Question Formation ● Come up with 5 questions about the content of the paper, especially the main
components like the claims, the data provided to support the claims, and the authors’ interpretation of data
● Make sure the questions are relevant to the article ● Make sure the questions are specific to the content of the paper and cannot just
be asked about any article ● Make sure the questions do not assume false information according to the article
Example for Weikum et al (2009): 1. Is visual information redundant for vocal language processing according to this
article? 2. To test visual language discrimination in infancy, which age range of infants is
used for the study and what is the sample size? 3. Why does the study compare monolingual infants with bilingual infants? 4. What does the study conclude for bilingual children’s language development? 5. How does the study measure infants’ language discrimnation?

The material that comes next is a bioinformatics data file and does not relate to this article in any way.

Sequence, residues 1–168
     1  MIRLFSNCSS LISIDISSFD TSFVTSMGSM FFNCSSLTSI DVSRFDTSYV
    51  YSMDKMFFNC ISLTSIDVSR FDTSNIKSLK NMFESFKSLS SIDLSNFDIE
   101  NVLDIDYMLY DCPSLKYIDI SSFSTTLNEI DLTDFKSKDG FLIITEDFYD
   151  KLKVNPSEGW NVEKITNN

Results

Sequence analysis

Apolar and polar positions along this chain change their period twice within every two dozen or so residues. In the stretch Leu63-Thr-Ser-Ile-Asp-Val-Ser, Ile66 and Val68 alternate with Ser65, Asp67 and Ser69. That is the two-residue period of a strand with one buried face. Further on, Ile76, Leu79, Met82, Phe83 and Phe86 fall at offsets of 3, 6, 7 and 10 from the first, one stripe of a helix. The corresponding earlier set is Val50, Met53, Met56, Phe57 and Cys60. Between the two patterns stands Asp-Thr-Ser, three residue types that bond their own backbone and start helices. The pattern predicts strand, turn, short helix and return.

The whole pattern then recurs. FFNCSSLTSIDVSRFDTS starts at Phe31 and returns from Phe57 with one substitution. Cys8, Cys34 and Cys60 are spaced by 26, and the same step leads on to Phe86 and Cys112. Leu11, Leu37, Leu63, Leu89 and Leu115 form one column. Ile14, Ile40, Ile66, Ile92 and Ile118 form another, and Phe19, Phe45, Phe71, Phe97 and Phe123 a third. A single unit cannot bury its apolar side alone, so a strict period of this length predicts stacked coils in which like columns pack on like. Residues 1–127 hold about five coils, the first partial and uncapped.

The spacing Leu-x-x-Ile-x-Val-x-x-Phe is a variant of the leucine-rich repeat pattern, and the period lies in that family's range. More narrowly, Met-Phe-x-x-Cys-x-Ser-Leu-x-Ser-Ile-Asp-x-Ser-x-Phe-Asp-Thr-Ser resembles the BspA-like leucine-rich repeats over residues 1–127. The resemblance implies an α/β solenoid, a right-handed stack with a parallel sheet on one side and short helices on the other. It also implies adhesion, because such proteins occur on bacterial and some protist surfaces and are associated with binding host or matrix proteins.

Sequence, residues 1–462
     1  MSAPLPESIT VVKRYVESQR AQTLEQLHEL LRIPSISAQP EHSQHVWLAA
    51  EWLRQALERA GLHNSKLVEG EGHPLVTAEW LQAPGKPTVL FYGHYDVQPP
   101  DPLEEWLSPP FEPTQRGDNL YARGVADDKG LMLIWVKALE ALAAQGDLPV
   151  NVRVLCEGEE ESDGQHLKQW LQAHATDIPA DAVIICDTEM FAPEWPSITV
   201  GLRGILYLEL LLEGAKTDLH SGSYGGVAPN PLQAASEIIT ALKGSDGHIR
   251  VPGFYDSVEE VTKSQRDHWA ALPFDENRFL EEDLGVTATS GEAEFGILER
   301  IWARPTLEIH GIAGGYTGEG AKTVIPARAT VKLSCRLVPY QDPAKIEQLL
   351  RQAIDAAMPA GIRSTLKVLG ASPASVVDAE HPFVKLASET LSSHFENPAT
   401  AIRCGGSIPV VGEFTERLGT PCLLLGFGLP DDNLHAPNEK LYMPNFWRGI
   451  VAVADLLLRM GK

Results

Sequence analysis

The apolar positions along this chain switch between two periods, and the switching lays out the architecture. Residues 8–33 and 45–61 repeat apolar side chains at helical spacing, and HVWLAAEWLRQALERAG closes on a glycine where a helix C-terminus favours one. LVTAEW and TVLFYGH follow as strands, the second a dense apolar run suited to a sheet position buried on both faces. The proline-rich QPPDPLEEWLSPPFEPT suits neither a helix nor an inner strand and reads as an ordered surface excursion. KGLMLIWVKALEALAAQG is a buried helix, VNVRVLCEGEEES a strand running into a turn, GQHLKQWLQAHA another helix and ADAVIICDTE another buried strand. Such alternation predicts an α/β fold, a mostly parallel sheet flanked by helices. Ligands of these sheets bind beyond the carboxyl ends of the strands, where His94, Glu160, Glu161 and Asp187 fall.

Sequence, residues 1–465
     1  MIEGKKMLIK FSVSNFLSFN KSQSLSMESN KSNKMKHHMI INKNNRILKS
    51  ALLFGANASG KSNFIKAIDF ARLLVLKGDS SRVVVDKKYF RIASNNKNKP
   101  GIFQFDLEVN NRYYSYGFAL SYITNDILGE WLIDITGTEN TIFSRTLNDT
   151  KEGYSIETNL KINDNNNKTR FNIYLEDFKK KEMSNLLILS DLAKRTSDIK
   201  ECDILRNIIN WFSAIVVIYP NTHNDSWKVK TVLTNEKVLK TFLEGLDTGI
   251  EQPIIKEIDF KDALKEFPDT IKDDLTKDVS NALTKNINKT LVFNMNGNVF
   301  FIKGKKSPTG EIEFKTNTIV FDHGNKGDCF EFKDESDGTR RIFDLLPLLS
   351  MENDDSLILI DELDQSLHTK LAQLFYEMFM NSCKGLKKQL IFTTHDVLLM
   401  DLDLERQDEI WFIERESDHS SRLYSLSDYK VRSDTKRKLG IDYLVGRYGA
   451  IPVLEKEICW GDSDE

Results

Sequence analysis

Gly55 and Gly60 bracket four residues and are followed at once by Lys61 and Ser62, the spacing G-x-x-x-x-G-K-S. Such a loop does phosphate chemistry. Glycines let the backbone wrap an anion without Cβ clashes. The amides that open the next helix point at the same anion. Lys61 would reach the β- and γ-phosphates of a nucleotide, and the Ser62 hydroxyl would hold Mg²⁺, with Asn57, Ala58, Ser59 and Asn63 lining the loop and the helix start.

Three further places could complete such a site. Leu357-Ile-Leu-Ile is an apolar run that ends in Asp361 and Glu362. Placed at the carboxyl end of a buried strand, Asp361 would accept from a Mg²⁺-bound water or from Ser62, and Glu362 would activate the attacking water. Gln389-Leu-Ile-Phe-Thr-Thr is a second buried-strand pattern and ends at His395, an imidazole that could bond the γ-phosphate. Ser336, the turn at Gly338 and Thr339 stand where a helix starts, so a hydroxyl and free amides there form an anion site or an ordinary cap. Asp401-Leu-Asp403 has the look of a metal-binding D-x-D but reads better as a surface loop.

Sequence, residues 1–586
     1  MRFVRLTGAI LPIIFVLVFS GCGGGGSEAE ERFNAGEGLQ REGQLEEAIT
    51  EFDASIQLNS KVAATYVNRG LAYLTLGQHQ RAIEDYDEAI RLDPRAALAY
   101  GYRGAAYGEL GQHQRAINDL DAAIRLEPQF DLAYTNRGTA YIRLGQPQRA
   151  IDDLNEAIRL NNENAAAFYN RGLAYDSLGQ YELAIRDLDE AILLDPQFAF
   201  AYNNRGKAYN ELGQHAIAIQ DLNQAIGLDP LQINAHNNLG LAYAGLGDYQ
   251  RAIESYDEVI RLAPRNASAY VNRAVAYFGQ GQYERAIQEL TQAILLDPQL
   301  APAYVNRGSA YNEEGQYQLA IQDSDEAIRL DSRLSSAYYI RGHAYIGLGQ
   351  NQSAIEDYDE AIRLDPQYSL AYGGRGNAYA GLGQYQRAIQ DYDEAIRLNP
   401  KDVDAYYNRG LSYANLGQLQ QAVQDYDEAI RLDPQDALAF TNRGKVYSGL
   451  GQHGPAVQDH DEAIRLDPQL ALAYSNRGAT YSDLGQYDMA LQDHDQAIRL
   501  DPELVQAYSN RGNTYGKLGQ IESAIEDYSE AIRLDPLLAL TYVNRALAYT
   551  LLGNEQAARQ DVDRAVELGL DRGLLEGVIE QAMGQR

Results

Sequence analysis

But avoid vague and general questions like: ● What is the article about? ● What did the scientists test? ● How did they test their hypothesis?
If you can ask a question for any scientific paper, then it is too general.
Avoid asking questions that assume false information according to the article: ● Why are adults incapable of discriminating languages solely based on visual
information? This question assumes adults are not capable of visual discrimination even though the article says the opposite.